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Jewish World ReviewJune 6, 2000 / 3 Sivan, 5760

Bob Greene

Bob Greene
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Consumer Reports

Steven who? A close encounter of mistaken identity -- AT FIRST GLANCE, the case of the Steven-Spielberg's-nephew-imitator seems like a once-in-a-million-years kind of thing.

The case has unfolded in Fairfax City, Va. A student at a private high school there -- a student known as Jonathan Taylor Spielberg -- pleaded guilty this month to one count of forgery.

This fellow was known to students and teachers as the nephew of filmmaker Steven Spielberg. Jonathan Spielberg applied to the school in 1998, and showed up for classes driving a blue BMW with the license plate "SPLBERG." He reportedly handed out money to fellow students; he said he had transferred from the Beverly Hills Private School for Actors.

However, it turns out that there is no such acting school -- and that Jonathan Taylor Spielberg is not really Steven Spielberg's nephew. In fact, he is not even high-school aged. Young Mr. Spielberg is really Anoushirvan D. Fakhran (or at least he was, until he legally changed his name to Jonathan Taylor Spielberg in 1997). He is not from Beverly Hills, but from Iran. And he is 27 years old.

This all came to light when school officials made a call to Steven Spielberg's office in California, and found out that Spielberg had no nephew by the name of Jonathan Taylor Spielberg -- and certainly had no nephew who hailed from Iran.

Now . . . as was mentioned at the beginning of this column, you would think this is a bit unusual -- a man going around passing himself off as a relative of Steven Spielberg.

But in fact I have a friend who gets mistaken for Steven Spielberg all the time. He doesn't do anything to make this happen -- but there is nothing he can do to stop it.

He'll call me and say, "It happened again," and I'll know what's coming.

It only happens when he wears a baseball cap; without the baseball cap, he bears only a slight resemblance to Steven Spielberg.

With the baseball cap, though, there is an undeniable similarity. Evidently Spielberg wears baseball caps a lot when he is directing films -- and people have seen photos of him in the cap.

So my friend -- a mild-mannered sort who would never lie about anything -- is constantly being treated as if he is Steven Spielberg. And when he says that he really isn't Spielberg, people take that as proof that he is Spielberg.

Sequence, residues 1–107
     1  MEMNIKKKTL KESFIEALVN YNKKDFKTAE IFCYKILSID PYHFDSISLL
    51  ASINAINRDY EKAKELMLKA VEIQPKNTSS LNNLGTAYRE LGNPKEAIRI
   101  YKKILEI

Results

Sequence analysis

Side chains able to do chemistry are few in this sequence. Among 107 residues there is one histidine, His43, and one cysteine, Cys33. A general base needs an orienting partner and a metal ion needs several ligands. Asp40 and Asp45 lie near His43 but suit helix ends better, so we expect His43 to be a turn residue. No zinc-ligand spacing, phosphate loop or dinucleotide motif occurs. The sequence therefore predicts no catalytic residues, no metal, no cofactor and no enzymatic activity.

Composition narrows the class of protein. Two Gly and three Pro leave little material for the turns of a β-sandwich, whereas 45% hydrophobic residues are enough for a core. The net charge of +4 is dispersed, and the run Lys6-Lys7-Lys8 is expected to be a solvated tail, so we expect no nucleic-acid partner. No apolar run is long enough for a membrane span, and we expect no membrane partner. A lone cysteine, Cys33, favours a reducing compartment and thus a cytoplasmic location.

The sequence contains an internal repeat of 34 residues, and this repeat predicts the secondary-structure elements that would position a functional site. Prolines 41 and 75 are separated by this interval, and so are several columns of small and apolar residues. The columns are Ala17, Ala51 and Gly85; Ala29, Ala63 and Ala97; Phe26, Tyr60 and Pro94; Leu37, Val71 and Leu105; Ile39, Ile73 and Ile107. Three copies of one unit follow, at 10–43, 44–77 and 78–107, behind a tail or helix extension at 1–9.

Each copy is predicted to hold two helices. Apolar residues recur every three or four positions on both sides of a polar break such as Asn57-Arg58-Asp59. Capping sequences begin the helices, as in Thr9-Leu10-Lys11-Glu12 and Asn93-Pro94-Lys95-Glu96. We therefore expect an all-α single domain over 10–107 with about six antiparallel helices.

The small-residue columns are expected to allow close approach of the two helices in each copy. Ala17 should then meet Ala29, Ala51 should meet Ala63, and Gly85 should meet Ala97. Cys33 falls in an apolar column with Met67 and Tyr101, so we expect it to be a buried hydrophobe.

It will happen in prestigious New York restaurants; there will be a one-hour wait for tables, and he will walk in and the maitre d' will look at him and escort him right to a table (even though he's wearing a baseball cap in the restaurant). "We're honored to have you with us," the maitre d' will say. When my friend will say, "I'm not who you think I am," the maitre d' will wink.

My friend will check into a hotel under his real name -- what other name is he going to use? -- and when the bellman will take him to his room, the bellman will say: "Your secret is safe with me."

He will go to more casual restaurants, and the proprietors will ask him to sign the wall. When he will say, "Believe me, you don't want me to sign your wall," they will get all huffy. So Mr. Big Shot Steven Spielberg is too important to sign our wall.

At plays, the cast members will come out after the performance, look longingly into his eyes, and thank him for coming.

What's nice is that we live in an age in which a Steven Spielberg lookalike can be treated in such a way. Guys who look like Tom Cruise -- and there aren't many of them -- have always had an easy path through life. But guys who look like Steven Spielberg -- well, there are entire suburbs full of guys who look like Steven Spielberg. (Although not anywhere near as much as my friend does -- with the baseball cap, it's pretty uncanny.)

In an earlier age of celebrity -- say, the Clark Gable-Cary Grant age -- most Americans would know what Gable or Grant looked like, but few would know what Darryl F. Zanuck looked like. Today, though, an immensely talented filmmaker and studio head can be as recognizable as a movie star. This is good; Spielberg didn't get where he is because of his looks, and it's nice that he is recognizable because of his talent, not because of pretty teeth or a dimple in his chin.

With this news out of Virginia, I have suggested to my friend that he get his nephew involved in the act. The private-school guy from Iran wasn't related to anyone of note; at least my friend's nephew has an uncle who people refuse to believe isn't Steven Spielberg. He can probably get into Harvard on that.

JWR contributor Bob Greene is a novelist and columnist. Send your comments to him by clicking here.


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